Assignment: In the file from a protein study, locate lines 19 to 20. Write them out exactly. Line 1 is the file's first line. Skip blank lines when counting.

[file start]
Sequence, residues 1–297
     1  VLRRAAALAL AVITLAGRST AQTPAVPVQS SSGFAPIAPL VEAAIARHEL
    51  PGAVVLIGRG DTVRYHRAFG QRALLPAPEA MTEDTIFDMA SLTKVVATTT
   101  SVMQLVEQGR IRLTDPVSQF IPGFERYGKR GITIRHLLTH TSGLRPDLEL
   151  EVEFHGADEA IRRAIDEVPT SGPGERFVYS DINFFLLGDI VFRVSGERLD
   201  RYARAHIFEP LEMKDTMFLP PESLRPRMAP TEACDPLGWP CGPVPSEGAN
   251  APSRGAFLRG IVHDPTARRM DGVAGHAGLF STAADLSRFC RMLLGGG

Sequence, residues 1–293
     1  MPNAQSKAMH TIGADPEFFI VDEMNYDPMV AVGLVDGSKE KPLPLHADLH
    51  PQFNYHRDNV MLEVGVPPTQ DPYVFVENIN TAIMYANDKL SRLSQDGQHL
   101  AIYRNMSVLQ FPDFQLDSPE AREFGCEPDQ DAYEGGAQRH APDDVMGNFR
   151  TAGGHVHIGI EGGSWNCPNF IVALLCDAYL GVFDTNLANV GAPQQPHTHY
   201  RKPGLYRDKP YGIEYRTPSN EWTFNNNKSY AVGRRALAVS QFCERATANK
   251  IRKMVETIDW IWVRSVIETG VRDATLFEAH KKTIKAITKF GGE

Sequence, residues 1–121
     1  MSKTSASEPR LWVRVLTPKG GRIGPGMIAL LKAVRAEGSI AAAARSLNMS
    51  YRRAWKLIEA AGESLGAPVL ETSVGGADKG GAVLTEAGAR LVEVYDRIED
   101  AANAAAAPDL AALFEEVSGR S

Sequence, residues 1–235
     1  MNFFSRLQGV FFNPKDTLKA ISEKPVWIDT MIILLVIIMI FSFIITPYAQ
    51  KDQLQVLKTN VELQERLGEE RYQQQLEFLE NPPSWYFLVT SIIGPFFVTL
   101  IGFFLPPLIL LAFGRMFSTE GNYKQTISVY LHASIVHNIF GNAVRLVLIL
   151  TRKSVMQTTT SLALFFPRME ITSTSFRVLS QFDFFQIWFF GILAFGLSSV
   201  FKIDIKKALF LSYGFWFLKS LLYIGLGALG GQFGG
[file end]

Sequence, residues 1–235
     1  MNFFSRLQGV FFNPKDTLKA ISEKPVWIDT MIILLVIIMI FSFIITPYAQ